While most of these T-laser advantages so far have been discussed or demonstrated with respect to edge-emitting laser structures, the present technology of choice for many applications, especially related to short-reach data communication, is the vertical-cavity surface-emitting laser (VCSEL). This is primarily motivated by a quest for cost- and power-efficient emitters suitable for high-speed direct modulation. Driven by emerging applications and increasing demands for high-bandwidth interconnects, there have been substantial efforts related to the development of high-speed VCSELs during recent years. By a systematic optimization of the device structure to increase the intrinsic bandwidth and overcome limitations imposed by thermal effects and electrical parasitics, the maximum bandwidth for a directly modulated 850-nm VCSEL has gradually been extended to a present record value (at any wavelength) of 28 GHz . These VCSELs were also used to demonstrate error-free data transmission up to 57 Gbit/s  and even higher data rates up to 71 Gbit/s was achieved using electronic equalization . While these record-values have been laboratory-scale demonstrations, several vendors are presently in the process of introducing VCSEL products capable of 25 Gbit/s data transmission . However, the requirements on bandwidths are steadily increasing and present predictions estimate that single-channel data rates as high as 100 Gbit/s will be required around year 2020 . To reach such high and even higher modulation rates over an extended temperature range, with sufficient output power and with stringent requirements on power-efficiency (measured in fJ/bit) using directly modulated VCSELs, can be anticipated to be an extremely challenging task that calls for radically new design concepts.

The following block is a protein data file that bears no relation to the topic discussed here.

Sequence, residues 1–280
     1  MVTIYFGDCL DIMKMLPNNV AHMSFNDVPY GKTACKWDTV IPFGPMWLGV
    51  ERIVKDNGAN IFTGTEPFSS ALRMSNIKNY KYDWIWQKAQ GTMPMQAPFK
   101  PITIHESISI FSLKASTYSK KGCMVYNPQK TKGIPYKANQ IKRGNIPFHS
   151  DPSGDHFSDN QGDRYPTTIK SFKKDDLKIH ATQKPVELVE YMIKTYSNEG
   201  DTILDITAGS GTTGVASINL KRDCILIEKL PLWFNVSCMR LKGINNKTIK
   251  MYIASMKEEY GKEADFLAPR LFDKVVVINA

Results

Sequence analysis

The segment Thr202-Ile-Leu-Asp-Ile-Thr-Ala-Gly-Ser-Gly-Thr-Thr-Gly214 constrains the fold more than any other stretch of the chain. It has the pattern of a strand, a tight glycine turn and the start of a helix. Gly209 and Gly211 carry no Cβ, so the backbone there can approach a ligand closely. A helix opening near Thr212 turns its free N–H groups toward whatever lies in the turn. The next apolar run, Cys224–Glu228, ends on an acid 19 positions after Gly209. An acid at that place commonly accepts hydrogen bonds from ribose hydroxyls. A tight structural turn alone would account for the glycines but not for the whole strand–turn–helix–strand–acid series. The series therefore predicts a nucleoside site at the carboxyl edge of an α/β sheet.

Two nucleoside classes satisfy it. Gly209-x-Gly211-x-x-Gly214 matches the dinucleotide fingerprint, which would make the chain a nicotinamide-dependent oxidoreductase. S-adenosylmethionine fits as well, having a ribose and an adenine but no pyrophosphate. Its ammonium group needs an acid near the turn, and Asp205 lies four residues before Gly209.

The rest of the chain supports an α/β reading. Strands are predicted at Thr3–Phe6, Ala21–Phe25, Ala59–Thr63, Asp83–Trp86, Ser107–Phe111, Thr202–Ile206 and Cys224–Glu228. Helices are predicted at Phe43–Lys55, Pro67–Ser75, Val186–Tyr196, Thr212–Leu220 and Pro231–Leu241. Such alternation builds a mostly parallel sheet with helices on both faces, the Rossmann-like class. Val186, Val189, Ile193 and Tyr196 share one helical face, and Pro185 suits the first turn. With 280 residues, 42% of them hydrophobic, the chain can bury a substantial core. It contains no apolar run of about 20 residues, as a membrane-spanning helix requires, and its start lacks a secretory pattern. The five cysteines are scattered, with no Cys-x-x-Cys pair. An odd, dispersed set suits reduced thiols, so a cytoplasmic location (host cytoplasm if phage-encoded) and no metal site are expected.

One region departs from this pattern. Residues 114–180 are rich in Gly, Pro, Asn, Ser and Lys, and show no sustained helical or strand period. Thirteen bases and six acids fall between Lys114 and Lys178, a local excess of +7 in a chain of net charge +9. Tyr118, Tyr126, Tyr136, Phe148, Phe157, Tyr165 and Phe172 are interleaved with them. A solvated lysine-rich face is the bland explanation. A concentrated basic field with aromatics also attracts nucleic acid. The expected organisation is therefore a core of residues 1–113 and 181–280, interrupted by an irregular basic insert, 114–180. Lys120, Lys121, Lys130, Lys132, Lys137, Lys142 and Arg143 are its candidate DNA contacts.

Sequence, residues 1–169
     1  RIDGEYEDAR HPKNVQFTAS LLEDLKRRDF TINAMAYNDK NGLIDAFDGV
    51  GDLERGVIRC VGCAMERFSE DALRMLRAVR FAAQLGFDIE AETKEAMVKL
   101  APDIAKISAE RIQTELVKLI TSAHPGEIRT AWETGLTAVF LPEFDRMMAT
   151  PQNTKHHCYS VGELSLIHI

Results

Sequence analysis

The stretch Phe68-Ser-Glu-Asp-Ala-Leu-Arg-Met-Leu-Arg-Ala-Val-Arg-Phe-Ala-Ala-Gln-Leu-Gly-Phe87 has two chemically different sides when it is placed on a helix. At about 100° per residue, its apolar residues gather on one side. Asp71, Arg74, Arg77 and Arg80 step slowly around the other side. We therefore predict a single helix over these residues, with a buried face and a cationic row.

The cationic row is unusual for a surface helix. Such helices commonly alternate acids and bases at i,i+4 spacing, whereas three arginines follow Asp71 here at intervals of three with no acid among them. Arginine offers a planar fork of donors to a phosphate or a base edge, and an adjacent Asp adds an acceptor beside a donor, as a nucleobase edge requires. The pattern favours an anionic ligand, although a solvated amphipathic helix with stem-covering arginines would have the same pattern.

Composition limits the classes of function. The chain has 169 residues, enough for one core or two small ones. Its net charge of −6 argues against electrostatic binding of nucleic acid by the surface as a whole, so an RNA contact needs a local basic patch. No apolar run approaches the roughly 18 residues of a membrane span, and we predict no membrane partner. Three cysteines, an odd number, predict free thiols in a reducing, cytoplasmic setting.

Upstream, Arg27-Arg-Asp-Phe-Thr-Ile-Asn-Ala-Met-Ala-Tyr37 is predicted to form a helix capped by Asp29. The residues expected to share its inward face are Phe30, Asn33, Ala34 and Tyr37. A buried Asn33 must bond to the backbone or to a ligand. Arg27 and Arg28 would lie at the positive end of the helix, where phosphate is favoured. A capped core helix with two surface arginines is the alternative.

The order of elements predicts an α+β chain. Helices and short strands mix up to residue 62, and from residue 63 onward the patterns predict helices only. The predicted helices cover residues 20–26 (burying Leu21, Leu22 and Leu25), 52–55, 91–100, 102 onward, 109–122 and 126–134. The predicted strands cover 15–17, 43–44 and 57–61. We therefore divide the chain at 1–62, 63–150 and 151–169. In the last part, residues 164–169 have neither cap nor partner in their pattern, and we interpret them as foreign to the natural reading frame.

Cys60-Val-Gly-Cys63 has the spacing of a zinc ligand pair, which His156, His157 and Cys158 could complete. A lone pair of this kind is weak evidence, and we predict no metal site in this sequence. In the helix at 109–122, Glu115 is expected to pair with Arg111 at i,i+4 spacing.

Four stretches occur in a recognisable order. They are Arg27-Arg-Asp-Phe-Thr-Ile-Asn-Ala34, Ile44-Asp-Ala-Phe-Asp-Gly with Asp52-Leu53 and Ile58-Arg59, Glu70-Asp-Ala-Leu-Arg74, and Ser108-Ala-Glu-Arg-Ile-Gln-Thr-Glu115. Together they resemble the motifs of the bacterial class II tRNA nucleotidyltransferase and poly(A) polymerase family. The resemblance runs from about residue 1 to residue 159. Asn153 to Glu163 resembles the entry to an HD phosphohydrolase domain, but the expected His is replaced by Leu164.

To further increase the modulation bandwidth and data rate of VCSELs, alternative concepts have been suggested in the literature, including external modulation , self-injection-locked lasers , transverse-mode coupled-cavity VCSELs , minimized modal volume using high-index-contrast grating mirrors , and/or new modulation formats , but these schemes are difficult to implement in real-world systems, and direct modulation remains attractive to preserve a simplified system interface. During recent years it has also been suggested that transistor-VCSELs (T-VCSELs) may have significantly increased bandwidth as compared to conventional diode-VCSELs .